Yesterday should have seen the closure of Ofcom’s huge three month consultation examining almost all aspects of regulation for the UK’s fixed telecoms market. This exercise sits in the context of a very ambitious political target to deliver gigabit capable broadband to every UK premises by 2025.
Instead, Ofcom has suspended all consultation deadlines and has put any new consultation or decisions on hold in response to Covid-19.
The world has changed for every sector of the economy in the last three weeks and telecoms is no exception.
The challenge facing the sector has gone from racing to be part of the gigabit capable rollout and seeking every avenue to help accelerate build plans to maintaining what is now, more than ever, a vital fourth utility for a population largely unable to leave their homes.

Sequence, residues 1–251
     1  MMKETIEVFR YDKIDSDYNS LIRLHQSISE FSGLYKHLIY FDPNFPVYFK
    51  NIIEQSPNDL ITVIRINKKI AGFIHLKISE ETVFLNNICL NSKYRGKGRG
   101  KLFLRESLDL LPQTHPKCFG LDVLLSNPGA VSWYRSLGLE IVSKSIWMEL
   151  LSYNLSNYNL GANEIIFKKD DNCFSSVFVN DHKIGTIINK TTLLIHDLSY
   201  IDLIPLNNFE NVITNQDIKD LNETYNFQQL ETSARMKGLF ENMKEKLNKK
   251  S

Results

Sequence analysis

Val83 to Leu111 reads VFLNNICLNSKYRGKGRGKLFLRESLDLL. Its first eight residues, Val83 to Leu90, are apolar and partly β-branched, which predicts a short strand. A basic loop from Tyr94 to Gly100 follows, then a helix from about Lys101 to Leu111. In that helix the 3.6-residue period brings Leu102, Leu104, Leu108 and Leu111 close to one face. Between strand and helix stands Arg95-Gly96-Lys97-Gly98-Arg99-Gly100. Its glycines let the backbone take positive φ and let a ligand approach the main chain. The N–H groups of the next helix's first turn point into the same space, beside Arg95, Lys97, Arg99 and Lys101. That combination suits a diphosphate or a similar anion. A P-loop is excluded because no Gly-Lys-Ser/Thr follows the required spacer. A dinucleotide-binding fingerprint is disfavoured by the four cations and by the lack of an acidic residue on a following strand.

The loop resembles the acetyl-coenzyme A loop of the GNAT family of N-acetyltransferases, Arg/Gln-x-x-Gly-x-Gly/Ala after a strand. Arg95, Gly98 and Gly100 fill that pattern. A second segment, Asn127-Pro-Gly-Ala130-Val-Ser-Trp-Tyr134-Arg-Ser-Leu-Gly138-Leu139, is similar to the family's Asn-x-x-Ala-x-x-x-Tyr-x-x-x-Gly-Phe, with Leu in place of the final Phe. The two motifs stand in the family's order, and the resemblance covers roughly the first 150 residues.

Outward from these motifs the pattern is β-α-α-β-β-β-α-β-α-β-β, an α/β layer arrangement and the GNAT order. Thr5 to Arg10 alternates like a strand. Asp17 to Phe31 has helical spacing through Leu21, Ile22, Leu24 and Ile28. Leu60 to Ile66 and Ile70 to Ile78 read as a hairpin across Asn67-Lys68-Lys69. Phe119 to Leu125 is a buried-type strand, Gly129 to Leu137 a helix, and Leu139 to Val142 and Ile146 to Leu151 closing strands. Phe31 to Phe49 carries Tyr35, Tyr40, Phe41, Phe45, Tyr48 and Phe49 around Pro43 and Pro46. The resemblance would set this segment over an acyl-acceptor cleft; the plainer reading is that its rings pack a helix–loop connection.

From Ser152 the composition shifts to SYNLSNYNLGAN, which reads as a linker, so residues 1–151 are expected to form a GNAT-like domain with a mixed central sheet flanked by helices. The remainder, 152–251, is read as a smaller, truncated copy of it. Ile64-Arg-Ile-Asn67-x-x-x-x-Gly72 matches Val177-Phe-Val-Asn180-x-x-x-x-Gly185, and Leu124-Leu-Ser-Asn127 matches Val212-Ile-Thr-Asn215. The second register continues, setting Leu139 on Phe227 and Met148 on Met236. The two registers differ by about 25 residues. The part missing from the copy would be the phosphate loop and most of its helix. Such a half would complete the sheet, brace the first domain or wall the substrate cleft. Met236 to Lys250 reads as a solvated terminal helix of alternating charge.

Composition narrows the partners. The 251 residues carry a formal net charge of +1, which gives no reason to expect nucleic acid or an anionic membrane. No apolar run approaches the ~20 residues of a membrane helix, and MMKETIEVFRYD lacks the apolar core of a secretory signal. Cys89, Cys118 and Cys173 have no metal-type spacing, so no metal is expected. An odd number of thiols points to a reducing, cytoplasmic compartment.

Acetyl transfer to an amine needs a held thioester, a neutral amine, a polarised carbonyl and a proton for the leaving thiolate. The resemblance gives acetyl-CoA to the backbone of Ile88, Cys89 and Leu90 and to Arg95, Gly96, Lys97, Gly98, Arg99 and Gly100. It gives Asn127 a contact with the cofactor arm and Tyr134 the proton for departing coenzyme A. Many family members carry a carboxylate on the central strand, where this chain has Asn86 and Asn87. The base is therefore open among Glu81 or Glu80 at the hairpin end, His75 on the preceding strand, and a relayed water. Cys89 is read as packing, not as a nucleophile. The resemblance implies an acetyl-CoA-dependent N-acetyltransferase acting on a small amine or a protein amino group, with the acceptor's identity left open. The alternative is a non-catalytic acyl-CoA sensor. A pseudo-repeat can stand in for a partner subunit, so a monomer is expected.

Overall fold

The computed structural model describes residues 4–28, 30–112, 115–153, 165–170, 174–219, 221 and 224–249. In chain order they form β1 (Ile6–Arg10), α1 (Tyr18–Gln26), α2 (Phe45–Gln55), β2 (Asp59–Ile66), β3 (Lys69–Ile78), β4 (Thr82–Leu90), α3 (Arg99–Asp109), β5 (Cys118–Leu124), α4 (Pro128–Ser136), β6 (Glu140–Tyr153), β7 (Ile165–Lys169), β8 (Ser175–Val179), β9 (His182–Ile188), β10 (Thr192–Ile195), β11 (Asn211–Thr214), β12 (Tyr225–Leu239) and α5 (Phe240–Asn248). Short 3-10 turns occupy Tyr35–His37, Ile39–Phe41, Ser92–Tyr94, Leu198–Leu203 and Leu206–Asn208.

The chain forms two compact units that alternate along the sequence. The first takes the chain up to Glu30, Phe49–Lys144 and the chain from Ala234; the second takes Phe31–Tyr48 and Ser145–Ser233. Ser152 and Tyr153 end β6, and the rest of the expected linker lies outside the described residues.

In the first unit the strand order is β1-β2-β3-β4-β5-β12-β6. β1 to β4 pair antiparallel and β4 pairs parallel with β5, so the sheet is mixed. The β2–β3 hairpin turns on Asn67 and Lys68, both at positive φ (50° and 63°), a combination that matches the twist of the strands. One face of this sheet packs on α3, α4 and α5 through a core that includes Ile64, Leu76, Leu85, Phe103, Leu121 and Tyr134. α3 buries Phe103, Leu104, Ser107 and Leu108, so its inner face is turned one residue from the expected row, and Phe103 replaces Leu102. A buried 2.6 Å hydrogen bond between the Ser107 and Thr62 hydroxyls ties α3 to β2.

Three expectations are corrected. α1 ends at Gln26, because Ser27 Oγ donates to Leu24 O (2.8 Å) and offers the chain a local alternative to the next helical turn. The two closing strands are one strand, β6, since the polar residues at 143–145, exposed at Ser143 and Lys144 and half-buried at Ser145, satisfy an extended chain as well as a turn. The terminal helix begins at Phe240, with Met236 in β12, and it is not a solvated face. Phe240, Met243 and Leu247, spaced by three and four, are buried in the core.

Securing political recognition of the importance of maintaining these vital communication services has not been hard. With most of the population now attempting to work, educate their children and fulfil all their recreational needs without leaving the house, classing maintenance of broadband and mobile services as an essential service is a no-brainer.
Securing classification of their engineers and street works operatives as key workers was a critical win. So is new guidance endorsed by DfT and DCMS underlining the importance of street works for this activity to continue.
So, what is the challenge?
In short, ensuring that the operational capacity is in place to maintain these vital networks and, where possible, for new network building to continue. This will mean flagging to government at an early stage if, and when, additional support measures to facilitate this are going to be required.
Protecting the supply chain will be critical to ensure that vital materials can continue to make it to the teams that need them. The risk is that suppliers further down the supply chain are impacted by an extended period of lockdown which may require more specific measures to ensure that the manufacturing and transportation of key materials can continue.